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Third-party-funded project

Title:
Tumorvaccination using dendritic cells: impact of dendritic cell subsets, maturation inducing stimuli and IL-2.

Project management at the University of Würzburg:

Participating scientists:

Abstract:
Dendritic cells (DC) are antigen presenting cells of the immune system which can be generated in vitro from peripheral blood monocytes in a standardised manner. These culture methods and the availability of tumor specific antigens paved the way to use peptide loaded DC as a cellular vaccine in clinical trials. Recently we were able to demonstrate the induction of peptide-specific CTL activity ("proof of principle") in melanoma patients. However, a therapeutical breakthrough in metastasized melanoma has not been achieved yet. DC can develop from a variety of lymphoid and myeloid progenitors and also from more differentiated cells like blood monocytes and plasmacytoid lymphocytes. Depending on their origin and culture conditions the resulting DC populations vary in their functional behaviour. While in humans TH1 responses are preferentially induced by CD4+ DC, CD8+ DC seem to fulfil this job in mice. In addition, DC can be tuned in their functional orientation and need "danger signals" to develop from a functional resting "immature" state displayed in peripheral tissues into an immunostimulatory mature DC that migrates into draining lymph nodes and stimulates naive T cells. Recent observations suggest that priming of naive T cells requires antigen specific serial interaction of a given T cell with many DC. This finding is of wide range importance for vaccination concepts, since the induction of specific immunity and its functional characteristics (TH1/TH2-balance) will thus depend on a DC "Milieu" rather than on the immunostimulatory capacity of a single DC. Taken together the pinching question arises, whether an optimal immune response requires that in lymphoid tissues the relevant antigen is presented in sufficient quantity by the best suited DC-subset matured with the most potent stimuli. Furthermore it remains to be clarified, how often vaccinations have to be performed and whether there is a therapeutical benefit of boosting the immune response with interleukin 2. This project aims at finding answers to those questions.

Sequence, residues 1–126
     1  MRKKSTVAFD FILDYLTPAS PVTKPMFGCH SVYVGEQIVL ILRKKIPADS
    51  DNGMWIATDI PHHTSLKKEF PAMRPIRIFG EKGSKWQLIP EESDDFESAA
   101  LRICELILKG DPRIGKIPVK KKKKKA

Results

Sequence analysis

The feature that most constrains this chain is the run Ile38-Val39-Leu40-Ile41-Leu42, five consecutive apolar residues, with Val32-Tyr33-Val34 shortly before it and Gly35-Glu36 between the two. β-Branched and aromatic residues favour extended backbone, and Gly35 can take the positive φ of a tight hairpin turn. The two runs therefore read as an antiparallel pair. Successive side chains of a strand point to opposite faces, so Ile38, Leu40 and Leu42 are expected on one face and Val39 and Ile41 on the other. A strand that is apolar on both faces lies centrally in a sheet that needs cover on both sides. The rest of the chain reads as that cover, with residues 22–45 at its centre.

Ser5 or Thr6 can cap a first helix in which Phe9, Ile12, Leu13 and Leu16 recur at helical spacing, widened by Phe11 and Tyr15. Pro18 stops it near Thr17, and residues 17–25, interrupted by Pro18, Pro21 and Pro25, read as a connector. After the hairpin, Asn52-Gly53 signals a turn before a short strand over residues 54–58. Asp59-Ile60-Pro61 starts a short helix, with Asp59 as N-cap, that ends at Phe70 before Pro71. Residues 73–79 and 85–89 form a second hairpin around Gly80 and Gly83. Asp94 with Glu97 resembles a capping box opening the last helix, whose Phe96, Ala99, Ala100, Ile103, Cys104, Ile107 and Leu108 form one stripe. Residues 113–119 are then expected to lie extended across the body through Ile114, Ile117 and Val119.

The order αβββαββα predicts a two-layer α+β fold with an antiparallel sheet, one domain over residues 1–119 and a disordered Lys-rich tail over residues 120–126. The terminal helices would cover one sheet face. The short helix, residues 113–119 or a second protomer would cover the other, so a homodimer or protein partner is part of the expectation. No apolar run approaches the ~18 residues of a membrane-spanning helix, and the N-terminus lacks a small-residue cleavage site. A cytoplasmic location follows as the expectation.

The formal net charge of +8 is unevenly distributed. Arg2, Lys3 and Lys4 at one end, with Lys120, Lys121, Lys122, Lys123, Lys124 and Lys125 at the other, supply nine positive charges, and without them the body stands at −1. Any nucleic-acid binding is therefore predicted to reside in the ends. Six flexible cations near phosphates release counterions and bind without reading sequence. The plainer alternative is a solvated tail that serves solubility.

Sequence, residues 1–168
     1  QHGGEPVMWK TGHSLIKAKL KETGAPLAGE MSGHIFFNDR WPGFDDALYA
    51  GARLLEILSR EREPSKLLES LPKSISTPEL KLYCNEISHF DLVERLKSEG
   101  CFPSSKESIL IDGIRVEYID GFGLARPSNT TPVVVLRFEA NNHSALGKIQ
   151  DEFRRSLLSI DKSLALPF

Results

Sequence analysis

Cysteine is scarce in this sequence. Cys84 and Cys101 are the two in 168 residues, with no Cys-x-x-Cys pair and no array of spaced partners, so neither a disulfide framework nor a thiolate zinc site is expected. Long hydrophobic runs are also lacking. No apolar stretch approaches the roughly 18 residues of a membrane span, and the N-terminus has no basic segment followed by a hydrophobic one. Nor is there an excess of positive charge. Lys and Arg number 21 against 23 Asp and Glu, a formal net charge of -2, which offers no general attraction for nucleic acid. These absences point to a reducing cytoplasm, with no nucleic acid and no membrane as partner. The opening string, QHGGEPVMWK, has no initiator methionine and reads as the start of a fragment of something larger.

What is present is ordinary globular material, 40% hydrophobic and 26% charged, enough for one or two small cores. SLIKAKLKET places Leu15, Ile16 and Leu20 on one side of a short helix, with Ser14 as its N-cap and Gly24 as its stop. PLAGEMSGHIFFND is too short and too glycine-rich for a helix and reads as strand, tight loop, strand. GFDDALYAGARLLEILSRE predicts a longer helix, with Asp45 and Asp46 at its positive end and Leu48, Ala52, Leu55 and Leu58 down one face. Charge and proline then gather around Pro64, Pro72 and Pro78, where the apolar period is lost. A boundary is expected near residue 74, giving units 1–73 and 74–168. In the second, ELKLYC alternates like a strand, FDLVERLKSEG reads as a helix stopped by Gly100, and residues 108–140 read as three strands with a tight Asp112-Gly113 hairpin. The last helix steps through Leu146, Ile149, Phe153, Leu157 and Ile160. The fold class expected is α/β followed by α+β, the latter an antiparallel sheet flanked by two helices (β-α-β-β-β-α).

Projekt period: from 05.2002 to 04.2004

Funding institution:
Landeshaushalt Wissenschaftsministerium
Bund